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Couple shot in their sleep: Was their teenage son behind it?

(HOUSTON) — More than six years ago, a teenager called 911 reporting that he heard gunshots from his parents’ bedroom. Hours later, AJ Armstrong was in handcuffs and later charged with killing the couple Antonio and Dawn Armstrong.

AJ Armstrong, now 23, has maintained his innocence but remains under suspicion following two criminal trials ending in hung juries.

“There’s no way possible. I couldn’t even fathom the idea of killing my parents,” AJ Armstrong told “20/20’s” Matt Gutman in an exclusive network interview.

An episode of “20/20” airing Jan. 6 at 9 p.m. ET and streaming the next day on Hulu takes a deep look into the 2016 Houston homicide and the lingering questions surrounding the deaths.

Antonio Armstrong, a former NFL player and later owner of several personal gyms, and his wife Dawn lived with AJ and his sister Kayra in their southeast Houston house.

On July 29, 2016, police received a call from AJ Armstrong, then 16, saying that he heard gunshots from his parents’ room upstairs and when first responders arrived they found the couple in bed with gunshot wounds to their heads.

Dawn Armstrong was pronounced dead while her husband died a few hours later in the hospital.

AJ Armstrong was immediately taken by the police for questioning and he claimed he saw a masked intruder in the house.

“Yeah like I saw him running. Like I saw him running,” AJ Armstrong told investigators during the interview.

Investigators questioned this story because they found no evidence of an intruder and the alarm to the home wasn’t tripped and was still armed when first responders came to the house, according to audio from the interview. AJ Armstrong was the one who disarmed the alarm to let the officers in, according to court documents.

The officers also had questions about bizarre evidence found at the family home.

There was a bullet hole found originating from AJ’s third-floor bedroom and penetrating the ceiling of his parents’ room.

The teen initially said he didn’t touch his father’s gun, which was determined to have been the weapon that killed Dawn and Antonio, but when pressed by law enforcement, who told him they had seen the bullet hole, he admitted that he showed off the weapon to a friend in his room weeks earlier and accidentally fired it.

Additionally, investigators at the scene noticed a burn mark on the carpet at the top of the stairs to the second floor. When detectives questioned AJ Armstrong about this, he claimed that a few weeks before the murders he had been playing with matches and accidentally dropped one.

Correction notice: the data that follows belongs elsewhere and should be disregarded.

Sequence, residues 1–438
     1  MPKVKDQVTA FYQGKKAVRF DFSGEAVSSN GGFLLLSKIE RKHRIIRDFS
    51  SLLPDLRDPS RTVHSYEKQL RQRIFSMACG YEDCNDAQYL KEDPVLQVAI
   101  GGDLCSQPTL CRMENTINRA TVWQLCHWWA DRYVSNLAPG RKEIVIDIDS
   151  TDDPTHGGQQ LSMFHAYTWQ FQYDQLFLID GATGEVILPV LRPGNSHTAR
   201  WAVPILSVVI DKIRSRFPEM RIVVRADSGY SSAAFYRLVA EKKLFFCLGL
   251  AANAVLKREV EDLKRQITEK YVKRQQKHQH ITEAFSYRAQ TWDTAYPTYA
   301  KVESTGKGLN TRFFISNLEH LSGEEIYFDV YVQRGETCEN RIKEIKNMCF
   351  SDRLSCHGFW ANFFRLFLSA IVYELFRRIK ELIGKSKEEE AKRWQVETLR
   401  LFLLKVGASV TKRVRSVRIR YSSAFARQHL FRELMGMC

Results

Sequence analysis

Armstrong went on to say that he initially lied to his father about how the burn mark occurred but eventually admitted it and they talked it out.

According to audio of the interrogation, detectives make clear to AJ Armstrong that they believe his story “isn’t adding up” and that he knows more than he is saying about how his parents ended up shot in their bed. Armstrong steadfastly maintains his innocence, insisting he had nothing to do with his parents’ murders.

After the interview, AJ Armstrong was booked as a juvenile on charges of capital murder, much to the shock of the rest of his family. Armstrong pleaded not guilty to the charges.

He was allowed to go to his parents’ funeral in handcuffs.

“I thought someone lost their mind trying to charge my grandson with killing his mom and dad. No way,” Keith Whitely, AJ Armstrong’s grandfather, told “20/20.”

Rick DeToto was hired to represent AJ Armstrong as his attorney. DeToto told “20/20” that investigators found no physical evidence, like gunshot residue on AJ or fingerprints on the gun left at the scene, to link his client to the Armstrongs’ killings.

A handwritten note was also found in the house that read “I have been watching for a long time” but the Armstrong’s fingerprints were not found on the paper, according to Detoto.

“They didn’t find any gloves with any evidence that he had worn them,” he said. “There were no bloody clothes in the washer or dryer. There’s absolutely nothing that links him to any physical evidence in this case.”

Prosecutors, however, contended the lack of physical evidence does not necessarily mean that AJ Armstrong did not commit this crime.

AJ Armstrong’s attorneys also brought up other instances that they say police ignored that could have shed light on the homicides, including a break-in at one of Antonio Armstrong’s gyms just days after the murders.